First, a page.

It is an example of how important design is to the heart and soul of each project, always keeping in mind the people who will be living their lives within it. When FSP designed a housing facility in partnership with Vista Maria to provide care for women who had escaped human trafficking, the space had to have security enough to ensure the residents were safe. At the same time, though, it was vitally important that the building not feel like a prison. To help people heal, “you want to create a sense of family and place and try not to make it feel like an institution,” said Pappas.

“There’s a learning curve with each new organization as we get to know their philosophy,” said Pappas. Making that effort to learn the philosophy, to get to know the people who work with clients, to better understand the issues behind the clients’ needs and wants all lend themselves to superior design that meshes with each nonprofit’s mission and aims.

Other projects completed by FSP include the conversion of the old Bell Telephone building in Detroit into a permanent supportive housing site for the Neighborhood Service Organization. Currently they just started working on the second phase of the organization’s Detroit Healthy Housing Center, and it will include 56 beds of emergency shelter for people medically at risk as well as 17 beds for medical respite, for people who have been discharged from a hospital but are not well enough to be on the street or in a shelter.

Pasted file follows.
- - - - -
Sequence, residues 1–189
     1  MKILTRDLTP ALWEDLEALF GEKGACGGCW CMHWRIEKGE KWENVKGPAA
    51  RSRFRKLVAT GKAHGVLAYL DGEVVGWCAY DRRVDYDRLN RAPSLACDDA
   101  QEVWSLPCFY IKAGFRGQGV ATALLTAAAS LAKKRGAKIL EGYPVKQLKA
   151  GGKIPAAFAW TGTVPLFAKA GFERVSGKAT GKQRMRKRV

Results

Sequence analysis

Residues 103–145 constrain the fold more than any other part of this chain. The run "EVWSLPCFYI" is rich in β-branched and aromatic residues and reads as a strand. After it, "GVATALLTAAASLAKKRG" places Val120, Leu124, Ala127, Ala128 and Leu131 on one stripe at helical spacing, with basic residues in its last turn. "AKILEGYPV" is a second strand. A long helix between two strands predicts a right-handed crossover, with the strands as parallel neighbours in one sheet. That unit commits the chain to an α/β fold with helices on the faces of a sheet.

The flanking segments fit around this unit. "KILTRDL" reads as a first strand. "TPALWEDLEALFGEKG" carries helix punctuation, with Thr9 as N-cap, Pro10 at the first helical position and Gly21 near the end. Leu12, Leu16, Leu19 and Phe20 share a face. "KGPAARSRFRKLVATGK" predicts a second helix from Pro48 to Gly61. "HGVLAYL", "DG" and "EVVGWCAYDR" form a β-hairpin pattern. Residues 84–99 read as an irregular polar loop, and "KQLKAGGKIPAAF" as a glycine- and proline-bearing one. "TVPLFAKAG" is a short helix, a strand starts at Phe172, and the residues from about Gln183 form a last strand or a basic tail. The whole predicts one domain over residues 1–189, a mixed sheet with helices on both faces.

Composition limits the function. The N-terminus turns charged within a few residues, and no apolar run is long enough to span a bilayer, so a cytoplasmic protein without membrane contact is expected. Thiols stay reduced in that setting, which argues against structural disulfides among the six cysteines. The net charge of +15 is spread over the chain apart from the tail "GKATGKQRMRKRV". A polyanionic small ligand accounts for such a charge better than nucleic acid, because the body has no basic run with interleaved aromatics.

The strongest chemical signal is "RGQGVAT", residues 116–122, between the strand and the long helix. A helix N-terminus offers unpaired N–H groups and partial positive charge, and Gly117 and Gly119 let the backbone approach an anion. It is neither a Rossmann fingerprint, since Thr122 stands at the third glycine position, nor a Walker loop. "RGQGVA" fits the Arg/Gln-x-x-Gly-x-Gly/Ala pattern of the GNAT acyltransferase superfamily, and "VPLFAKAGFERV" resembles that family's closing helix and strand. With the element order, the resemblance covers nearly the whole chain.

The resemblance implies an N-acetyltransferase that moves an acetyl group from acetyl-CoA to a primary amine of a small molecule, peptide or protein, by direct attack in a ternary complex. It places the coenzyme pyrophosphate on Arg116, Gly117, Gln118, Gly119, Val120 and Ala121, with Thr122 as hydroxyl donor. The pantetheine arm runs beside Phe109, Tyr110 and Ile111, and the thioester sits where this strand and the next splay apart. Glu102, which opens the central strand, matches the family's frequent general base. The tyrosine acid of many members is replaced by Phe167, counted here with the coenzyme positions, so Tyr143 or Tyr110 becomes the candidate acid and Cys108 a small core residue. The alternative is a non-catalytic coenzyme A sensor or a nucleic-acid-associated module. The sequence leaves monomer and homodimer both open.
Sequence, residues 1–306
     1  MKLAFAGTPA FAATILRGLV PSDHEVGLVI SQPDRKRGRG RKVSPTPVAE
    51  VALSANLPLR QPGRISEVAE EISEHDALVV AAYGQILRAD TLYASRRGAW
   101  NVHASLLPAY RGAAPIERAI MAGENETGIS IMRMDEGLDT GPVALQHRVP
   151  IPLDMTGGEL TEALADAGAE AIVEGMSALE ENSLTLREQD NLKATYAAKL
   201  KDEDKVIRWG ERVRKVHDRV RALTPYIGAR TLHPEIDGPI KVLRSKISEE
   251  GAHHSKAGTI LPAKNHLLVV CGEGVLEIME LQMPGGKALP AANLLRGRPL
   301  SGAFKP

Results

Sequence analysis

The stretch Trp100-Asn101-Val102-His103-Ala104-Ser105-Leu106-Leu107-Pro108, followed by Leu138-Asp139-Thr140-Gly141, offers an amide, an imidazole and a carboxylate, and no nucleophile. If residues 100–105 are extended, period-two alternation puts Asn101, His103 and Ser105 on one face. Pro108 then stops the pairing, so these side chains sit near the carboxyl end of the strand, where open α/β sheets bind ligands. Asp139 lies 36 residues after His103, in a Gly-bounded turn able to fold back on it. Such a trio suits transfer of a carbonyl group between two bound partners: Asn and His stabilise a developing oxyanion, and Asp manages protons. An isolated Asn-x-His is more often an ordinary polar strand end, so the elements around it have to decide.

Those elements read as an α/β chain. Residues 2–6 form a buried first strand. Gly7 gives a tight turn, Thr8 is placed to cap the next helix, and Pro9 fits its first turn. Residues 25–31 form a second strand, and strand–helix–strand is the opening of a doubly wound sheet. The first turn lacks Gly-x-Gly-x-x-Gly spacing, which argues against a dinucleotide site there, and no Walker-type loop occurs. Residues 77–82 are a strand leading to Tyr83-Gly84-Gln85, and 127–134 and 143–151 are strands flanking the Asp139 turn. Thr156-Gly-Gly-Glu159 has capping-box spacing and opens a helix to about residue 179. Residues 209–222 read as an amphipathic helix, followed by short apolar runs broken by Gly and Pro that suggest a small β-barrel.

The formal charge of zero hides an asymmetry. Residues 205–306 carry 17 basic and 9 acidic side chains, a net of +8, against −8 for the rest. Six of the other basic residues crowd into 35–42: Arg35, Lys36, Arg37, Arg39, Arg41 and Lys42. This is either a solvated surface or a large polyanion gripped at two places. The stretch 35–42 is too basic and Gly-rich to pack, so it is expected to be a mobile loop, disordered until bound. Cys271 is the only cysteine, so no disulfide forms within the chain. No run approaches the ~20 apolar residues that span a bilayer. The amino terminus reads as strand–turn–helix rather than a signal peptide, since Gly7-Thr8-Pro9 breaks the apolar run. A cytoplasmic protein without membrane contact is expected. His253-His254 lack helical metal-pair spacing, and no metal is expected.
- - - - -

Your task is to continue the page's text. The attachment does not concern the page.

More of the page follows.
The new Pope Francis Center will create a space with 50 units of bridge housing as well as respite rooms, a kitchen and dining area and more. Beyond housing, the center will provide training for people in food service to help facilitate job acquisition for homeless and out-of-work individuals.

In addition to their work with nonprofits, Pappas and his colleagues do significant projects for senior housing, nursing care and assisted living including Presbyterian Villages of Michigan, CSI Support and Development and Evangelical Homes of Michigan.

It is the ideal mix for a group of architects who put community first, helping stabilize neighborhoods with new construction and first-rate facilities that help people and organizations in need. “Quite a few people in our firm came to us because helping others is what they wanted to do,” said Pappas. “They can go anywhere to build shopping centers, but they come here to do this kind of work.”

Their work earns recognition each year, including most recently, earning the Vanguard Award for Major Rehabilitation of an Existing Rental Housing Community for their work on the LaBelle Towers Co-Op in Highland Park. Also in 2021, they were honored for Commercial Building Architecture in the 2021 Detroit Home Design Awards for their work on Blossom Springs in Oakland Township. Their work on Cedarbrook of Rochester in Rochester earned them the 2020 PCBC Gold Nugget Award for Best Service Enriched Senior Community.

“I have such great respect for the people who work in these fields taking care of the homeless, the elderly, children and others. They care deeply about the individuals they work with and we are grateful to help them where we can.”